However, as I hinted above, there is a partial solution, that wouldn’t require rewriting NERC's auditing program, but would probably allow the SDT to move forward with their virtualization proposal. And this partial solution has already been implemented at least three times in CIP in the past two years – this is what I call “plan-based” requirements.

Since this is already a very long post and since I’m tired, I’m going to break here. I’ll be back in one week (probably not before) with the third post in this series, which will (I think) bring this discussion to its exciting conclusion. But I also want to point out that I could never adequately lay out these issues – of what the fundamental problems are with CIP and how to address them – in my blog, no matter how many posts I devoted to the subject. However, I’m now working on a book, with a co-author, where I am doing just that. It will be a big slog, but I believe I’m about halfway there, if not a little more. That will be my “final” answer to these very important questions.

Any opinions expressed in this blog post are strictly mine and are not necessarily shared by any of the clients of Tom Alrich LLC.

If you would like to comment on what you have read here, I would love to hear from you. Please email me at Please keep in mind that if you’re a NERC entity, Tom Alrich LLC can help you with NERC CIP issues or challenges like what is discussed in this post – especially on compliance with CIP-013. And if you’re a security vendor to the power industry, TALLC can help you by developing marketing materials, delivering webinars, etc. To discuss any of this, you can email me at the same address.         

[i] Of course, all of the CIP-007 requirements are the same under v6, the version currently in effect. But since I’m talking about the CIP v5 drafting process here, I want to refer to the v5 requirements.

[ii] While I’ve heard many complaints about the big burden of CIP-007-6 R2 compliance, I can’t remember a single complaint about an auditor interpreting that requirement differently from how the entity does. As I point out below in this post, this “victory” for NERC entities has come at a huge price, which is that the cost (in money and staff time) required to comply with this requirement is much greater than any other current (or past) CIP requirement.

[iii] I want to thank a longtime observer of the CIP drafting teams for pointing this out to me.

[iv] See this post for Lew Folkerth’s observation that – in his opinion (and I don’t know whether this has changed in the last year and a half or not) – any NERC entity that isn’t self-reporting violations of CIP-007 R2 doesn’t understand the requirement; in other words, the requirement is impossible to fully comply with, at least for entities with a lot of cyber assets in scope for CIP.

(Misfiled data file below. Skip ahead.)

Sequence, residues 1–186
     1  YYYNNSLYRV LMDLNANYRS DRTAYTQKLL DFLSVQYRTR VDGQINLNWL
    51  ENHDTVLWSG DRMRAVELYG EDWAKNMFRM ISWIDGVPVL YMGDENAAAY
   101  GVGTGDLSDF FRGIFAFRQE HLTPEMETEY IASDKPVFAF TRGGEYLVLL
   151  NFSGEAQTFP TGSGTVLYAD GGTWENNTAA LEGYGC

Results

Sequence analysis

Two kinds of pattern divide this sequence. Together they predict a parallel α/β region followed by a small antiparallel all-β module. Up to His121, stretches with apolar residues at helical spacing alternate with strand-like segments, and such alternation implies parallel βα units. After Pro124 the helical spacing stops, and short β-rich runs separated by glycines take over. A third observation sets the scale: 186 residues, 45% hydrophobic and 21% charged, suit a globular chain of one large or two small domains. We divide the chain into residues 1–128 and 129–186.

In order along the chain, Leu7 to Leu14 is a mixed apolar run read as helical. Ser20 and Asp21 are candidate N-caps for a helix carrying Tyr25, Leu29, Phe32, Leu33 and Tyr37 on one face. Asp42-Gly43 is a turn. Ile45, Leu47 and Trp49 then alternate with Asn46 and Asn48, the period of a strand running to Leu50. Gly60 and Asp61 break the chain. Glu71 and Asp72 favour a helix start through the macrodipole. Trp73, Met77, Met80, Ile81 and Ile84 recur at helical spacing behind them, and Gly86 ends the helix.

[v] I have a feeling that some auditors might object to leaving it completely up to the entity to determine what is and isn’t part of a BCS, with no underlying BCA definition. I hope to discuss this further in the fourth post in this series.

[vi] The SDT used the term “objectives-based” a few times in the webinar and the white paper. But a true objectives-based standard has to be measurable, since otherwise there is no way to determine whether or not the entity has measured the objective. But there are no measurable objectives in the field of cybersecurity. And please don’t tell me that a 35-day deadline for assessing patches for applicability, or a 24-hour deadline for removing access to BCS, is a cybersecurity objective! The objectives of cybersecurity are mitigating the various cyber threats, like malicious insiders or someone unauthorized taking remote control of an important system. There is no direct way to measure how well an entity has mitigated a threat, since the lack of realization of a threat may simply be due to luck, which could change at any moment.

[vii] The CIP Modifications SDT hinted in their white paper that they’re considering eliminating patch management as a requirement altogether, and replacing it with a requirement for vulnerability management. However, it seems to me that all the problems we’ve just been discussing with the patch management requirement would simply reappear (and perhaps in spades) in a vulnerability management requirement. Vulnerability management is certainly worth further consideration, but simply implementing it doesn’t mitigate auditing problems.

[viii] I realize I’m probably vastly oversimplifying the PRC standards here – I know they aren’t always clear-cut, either. But in the case of the 693 standards, questions about what they mean are real ambiguities, and can be resolved by one of the three methods just discussed in this post. That isn’t the case with CIP questions like what we’re discussing now.

[ix] Prescriptive standards are definitely measurable, but objectives-based ones are as well, as long as the objective itself is measurable. However, as I’ve already said, cybersecurity objectives aren’t measurable.

1 comment:

  1. 7/12: In rereading this post just now, I realized that at one point I referred to the CSO706 drafting team (which drafted CIP v2-v5), when I should have said the current CIP Modifications team. I apologize for this error.